First, the easy stuff.
But after that, the Ducks' lineup gets a little unpredictable.
Wisniewski, no longer troubled by a bruised foot he suffered in his last game before the trade, is most concerned about getting the custom knee brace he has worn since undergoing three ACL operations on his right knee. He said he wouldn't feel comfortable playing without it and also would like to get his own skates after practicing in skates "that feel weird" for the last few days.
Ah, but help might be on the way. Instead of shipping the gear directly to Canada and risking having it be held up in Customs formalities, it was delivered to the home of Ducks General Manager Bob Murray, who was scheduled to bring it with him to Vancouver Monday afternoon. That should earn Murray a nice tip.
"I think so," Wisniewski said, laughing. "I guess it got to his house late [Sunday] night and hopefully it doesn't get lost on that flight. Hopefully I'll have it here by game time.
"This doesn't happen very often but it is what it is. I'm just happy to be able to get on the ice, at least move my feet around. But I sure don't feel comfortable."
Wisniewski did get his sticks Monday after borrowing some from
"I want to get out there," he said. "I haven't skated because of my foot injury. I want to have my equipment and get back into it. So now I hope my other equipment doesn't feel weird because I haven't been into that for a week. Just got to roll with the punches, I guess."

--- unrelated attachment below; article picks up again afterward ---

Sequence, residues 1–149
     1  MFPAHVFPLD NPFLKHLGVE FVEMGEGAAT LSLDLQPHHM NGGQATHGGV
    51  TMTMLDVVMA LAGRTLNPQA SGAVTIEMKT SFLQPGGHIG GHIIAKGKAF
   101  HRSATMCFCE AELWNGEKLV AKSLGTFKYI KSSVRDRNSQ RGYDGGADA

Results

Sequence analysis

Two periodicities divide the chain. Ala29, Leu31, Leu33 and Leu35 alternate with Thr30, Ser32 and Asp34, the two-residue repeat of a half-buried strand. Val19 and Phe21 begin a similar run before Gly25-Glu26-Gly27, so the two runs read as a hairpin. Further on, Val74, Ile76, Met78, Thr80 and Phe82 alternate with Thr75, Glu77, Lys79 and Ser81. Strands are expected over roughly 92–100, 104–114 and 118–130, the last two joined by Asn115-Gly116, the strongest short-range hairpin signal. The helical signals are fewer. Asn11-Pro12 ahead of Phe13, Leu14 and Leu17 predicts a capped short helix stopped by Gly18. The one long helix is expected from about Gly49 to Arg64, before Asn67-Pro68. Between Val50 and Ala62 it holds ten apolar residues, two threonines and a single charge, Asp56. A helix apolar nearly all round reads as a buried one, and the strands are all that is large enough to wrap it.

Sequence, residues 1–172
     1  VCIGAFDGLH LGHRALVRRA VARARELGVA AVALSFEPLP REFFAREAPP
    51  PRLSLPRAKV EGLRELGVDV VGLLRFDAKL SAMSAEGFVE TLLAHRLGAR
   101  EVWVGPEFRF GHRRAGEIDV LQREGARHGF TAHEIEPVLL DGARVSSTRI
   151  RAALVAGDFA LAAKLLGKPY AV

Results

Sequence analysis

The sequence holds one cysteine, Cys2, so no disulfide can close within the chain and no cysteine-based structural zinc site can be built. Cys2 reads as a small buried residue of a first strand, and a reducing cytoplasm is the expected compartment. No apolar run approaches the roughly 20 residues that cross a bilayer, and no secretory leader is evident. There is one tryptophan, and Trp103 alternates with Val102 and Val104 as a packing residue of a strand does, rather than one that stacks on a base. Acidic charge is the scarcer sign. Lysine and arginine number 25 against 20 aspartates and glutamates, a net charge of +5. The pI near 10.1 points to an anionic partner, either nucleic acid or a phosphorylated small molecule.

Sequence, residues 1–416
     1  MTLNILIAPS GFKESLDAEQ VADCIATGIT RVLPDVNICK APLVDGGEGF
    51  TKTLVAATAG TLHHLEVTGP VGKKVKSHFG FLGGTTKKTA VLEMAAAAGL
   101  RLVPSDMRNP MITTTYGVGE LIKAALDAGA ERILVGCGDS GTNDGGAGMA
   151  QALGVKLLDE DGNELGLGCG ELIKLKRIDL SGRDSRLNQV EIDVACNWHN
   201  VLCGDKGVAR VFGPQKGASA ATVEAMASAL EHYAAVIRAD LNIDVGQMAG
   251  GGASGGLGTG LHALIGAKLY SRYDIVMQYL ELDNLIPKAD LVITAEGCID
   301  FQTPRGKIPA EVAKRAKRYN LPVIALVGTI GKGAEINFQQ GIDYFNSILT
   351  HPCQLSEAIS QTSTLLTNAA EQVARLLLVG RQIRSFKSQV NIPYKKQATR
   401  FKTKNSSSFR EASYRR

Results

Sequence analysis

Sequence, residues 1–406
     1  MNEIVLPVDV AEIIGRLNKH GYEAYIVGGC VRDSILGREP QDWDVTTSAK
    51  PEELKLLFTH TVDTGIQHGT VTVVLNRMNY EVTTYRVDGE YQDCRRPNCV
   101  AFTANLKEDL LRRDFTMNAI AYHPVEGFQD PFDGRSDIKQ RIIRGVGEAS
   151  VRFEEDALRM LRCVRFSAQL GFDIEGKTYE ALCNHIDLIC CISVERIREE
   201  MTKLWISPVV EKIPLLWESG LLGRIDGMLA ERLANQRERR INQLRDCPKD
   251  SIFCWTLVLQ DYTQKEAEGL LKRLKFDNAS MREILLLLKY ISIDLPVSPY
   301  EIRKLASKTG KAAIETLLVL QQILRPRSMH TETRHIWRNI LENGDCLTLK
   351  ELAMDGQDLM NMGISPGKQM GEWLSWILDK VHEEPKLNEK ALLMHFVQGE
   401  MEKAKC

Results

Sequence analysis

He also said he talked to Boudreau about waiting another game to make his return. "We're trying to win games and get the team rolling going into the playoffs but at the same time it's not a necessity," Wisniewski said. "The team has been playing great and I want to get out there with them, but that's kind of a big issue making sure I feel comfortable and they feel comfortable and that sort of thing. But I'm told [there's a] 95% chance it will be here for tonight's game."
Blending new players into the lineup this late in the season isn't easy. Andersen said he's still becoming accustomed to teammates' voices, which complicates communication, and that they've had to discuss his preferences when it comes to things like blocking shots and handling the puck.
"If you hear a voice you're not used to, you won't really, I don't think you want to throw it in that direction because it might be an opponent," Andersen said. "You've got to get used to a voice and different tendencies."
"We talk about different things we use, like when I play the puck and where I want it to be, and how I want them to talk to me. And as well, on two-on-ones, how I want the defensemen to play the puck or the shooter or the passer in different situations. It's just about getting used to each other."
Andersen also said he's glad to get the assignment Monday to "get this rust shaken off completely" after having missed eight games because of a neck injury. This will be his third start since then; he's 1-1.